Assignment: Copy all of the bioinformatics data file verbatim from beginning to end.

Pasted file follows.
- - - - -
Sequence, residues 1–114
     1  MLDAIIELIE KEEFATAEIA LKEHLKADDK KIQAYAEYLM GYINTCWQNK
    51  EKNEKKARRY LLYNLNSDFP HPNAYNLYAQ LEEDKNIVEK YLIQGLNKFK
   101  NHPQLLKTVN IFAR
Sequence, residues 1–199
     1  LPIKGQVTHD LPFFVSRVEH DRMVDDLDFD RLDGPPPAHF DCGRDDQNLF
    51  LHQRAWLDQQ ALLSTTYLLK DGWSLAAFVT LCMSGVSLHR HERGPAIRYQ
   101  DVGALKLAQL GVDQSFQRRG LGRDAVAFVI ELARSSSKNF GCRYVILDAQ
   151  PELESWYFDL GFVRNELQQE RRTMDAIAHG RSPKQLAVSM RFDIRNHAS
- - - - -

Sequence, residues 1–114
     1  MLDAIIELIE KEEFATAEIA LKEHLKADDK KIQAYAEYLM GYINTCWQNK
    51  EKNEKKARRY LLYNLNSDFP HPNAYNLYAQ LEEDKNIVEK YLIQGLNKFK
   101  NHPQLLKTVN IFAR
Sequence, residues 1–199
     1  LPIKGQVTHD LPFFVSRVEH DRMVDDLDFD RLDGPPPAHF DCGRDDQNLF
    51  LHQRAWLDQQ ALLSTTYLLK DGWSLAAFVT LCMSGVSLHR HERGPAIRYQ
   101  DVGALKLAQL GVDQSFQRRG LGRDAVAFVI ELARSSSKNF GCRYVILDAQ
   151  PELESWYFDL GFVRNELQQE RRTMDAIAHG RSPKQLAVSM RFDIRNHAS